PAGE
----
So many places to go with this blog but once again, gizhe manidoo—the great kind mystery—opens a door and says, “Here you go. Write.”
This time, the door opened up at the behest of an article written by CBC journalist, Jennifer Quesnel in her important coverage of how Indigenous families (read mothers) in Saskatchewan have been having their Child Care Benefit (CCB) cut off. Apparently, CRA has been “randomly” reviewing the files of these mothers to determine entitlement to CCB. As a part of the process, CRA requires submission of documentation to prove children are in their care and that they are “Canadian citizens”. Given the process is onerous and obtaining documentation is expensive—unaffordable for most, if not all—these mothers are not able to submit the documentation and, as a result, their CCB is terminated. This “random auditing” has resulted in 117 complaints to government representatives with most of those occurring in the past six months.
This story inspires me to document my own because there is so much similarity between us. And, when looked at through an anishinaabe feminist political economic lens, I can’t help but wonder if the CRA is targeting Indigenous women with children allowing for, in some twisted way, the Liberal government to live up to their promises about the Child Care Benefit. First, I’ll share my story and then I’ll make links to Prime Minister Justin Trudeau and his “decolonizing, feminist” agenda. From here, I’ll make a few cheeky postulations. I’m writing this because one, documenting our exploitation is important; two, making linkages across Indigenous women’s experiences in different Indigenous territories and Nations is important; and, three, revealing more broadly how the Canadian government takes from Indigenous women and our children’s’ lives in order to advance their own, is vital.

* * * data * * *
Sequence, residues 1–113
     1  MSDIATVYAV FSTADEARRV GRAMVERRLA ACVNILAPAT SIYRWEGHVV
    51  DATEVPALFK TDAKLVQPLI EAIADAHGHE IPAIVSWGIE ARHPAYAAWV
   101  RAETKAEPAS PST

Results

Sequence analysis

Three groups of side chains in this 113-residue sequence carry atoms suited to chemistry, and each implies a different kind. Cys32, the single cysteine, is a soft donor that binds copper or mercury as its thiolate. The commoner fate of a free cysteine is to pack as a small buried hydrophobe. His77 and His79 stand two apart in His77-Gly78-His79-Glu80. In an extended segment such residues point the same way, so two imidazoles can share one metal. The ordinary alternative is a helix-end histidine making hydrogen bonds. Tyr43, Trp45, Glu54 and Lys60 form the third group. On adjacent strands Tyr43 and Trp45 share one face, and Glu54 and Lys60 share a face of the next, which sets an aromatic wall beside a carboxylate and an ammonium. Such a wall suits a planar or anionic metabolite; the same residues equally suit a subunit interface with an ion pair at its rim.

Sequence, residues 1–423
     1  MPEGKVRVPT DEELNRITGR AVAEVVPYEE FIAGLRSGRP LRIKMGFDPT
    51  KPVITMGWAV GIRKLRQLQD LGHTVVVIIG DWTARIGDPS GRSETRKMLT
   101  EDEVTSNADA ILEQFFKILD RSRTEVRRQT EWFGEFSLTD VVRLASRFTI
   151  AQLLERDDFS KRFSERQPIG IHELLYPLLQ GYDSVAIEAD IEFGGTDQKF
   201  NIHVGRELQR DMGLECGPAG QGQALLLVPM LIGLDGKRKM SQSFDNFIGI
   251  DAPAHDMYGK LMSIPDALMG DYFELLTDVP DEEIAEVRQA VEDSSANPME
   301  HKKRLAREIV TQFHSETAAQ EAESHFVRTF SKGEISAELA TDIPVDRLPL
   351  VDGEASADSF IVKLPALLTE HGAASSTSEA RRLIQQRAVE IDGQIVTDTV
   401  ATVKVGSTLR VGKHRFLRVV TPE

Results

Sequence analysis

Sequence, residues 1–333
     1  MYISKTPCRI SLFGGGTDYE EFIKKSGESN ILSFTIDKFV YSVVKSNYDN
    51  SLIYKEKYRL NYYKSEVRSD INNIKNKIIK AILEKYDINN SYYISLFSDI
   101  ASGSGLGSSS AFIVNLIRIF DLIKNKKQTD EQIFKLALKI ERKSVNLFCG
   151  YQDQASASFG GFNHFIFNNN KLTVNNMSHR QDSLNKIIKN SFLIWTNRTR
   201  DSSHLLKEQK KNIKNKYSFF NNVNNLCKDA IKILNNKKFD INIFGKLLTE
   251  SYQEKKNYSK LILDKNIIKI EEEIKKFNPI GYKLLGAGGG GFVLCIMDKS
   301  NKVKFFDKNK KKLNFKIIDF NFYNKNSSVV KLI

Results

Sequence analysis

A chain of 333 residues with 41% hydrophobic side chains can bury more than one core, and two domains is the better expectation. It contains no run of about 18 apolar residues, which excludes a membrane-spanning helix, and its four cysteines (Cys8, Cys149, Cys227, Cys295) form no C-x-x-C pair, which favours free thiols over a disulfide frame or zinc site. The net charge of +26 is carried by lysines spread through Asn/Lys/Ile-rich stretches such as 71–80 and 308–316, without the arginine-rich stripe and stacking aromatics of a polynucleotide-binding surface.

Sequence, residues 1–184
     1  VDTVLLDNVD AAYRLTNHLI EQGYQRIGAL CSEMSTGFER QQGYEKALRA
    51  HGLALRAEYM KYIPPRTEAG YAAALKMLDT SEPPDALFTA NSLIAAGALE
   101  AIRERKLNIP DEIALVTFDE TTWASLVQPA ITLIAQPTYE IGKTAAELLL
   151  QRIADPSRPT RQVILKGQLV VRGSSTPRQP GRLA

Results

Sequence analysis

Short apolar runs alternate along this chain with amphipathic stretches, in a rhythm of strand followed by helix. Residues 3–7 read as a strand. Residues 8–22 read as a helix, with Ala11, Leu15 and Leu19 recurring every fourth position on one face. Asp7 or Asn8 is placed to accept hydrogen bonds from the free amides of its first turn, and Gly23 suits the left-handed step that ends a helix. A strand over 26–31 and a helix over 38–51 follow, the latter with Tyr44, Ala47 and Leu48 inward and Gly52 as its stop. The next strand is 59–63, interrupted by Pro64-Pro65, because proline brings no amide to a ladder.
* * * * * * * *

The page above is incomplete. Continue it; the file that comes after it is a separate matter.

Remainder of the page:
Also, I am tired of being fed upon by those who have everything. I am tired of witnessing Indigenous women with children with economic and material barriers be fed upon; taken from again and again. While today I write from an economic place where I do not have to worry about how to spend my last $10 dollars — on food, gas, or a few bucks for my kid to go out with her friends — I know what CCB means for Indigenous mothers surviving on low-income. My adrenal, physiological, and cognitive system reminds what this is like all too clearly as it’s a lived experience in my not-too-distant-experience; and, when I read this story, I am angry that this is happening to Indigenous moms. In that, I’m motivated to illuminate some connections, see if there are other Indigenous folks having similar experiences, and shine a light towards the PM, the Liberals, and Canada and ask, Are you using Canada Revenue Agency to not only wear Indigenous moms down but to remove and withhold the little bit of money we have to provide for our kids?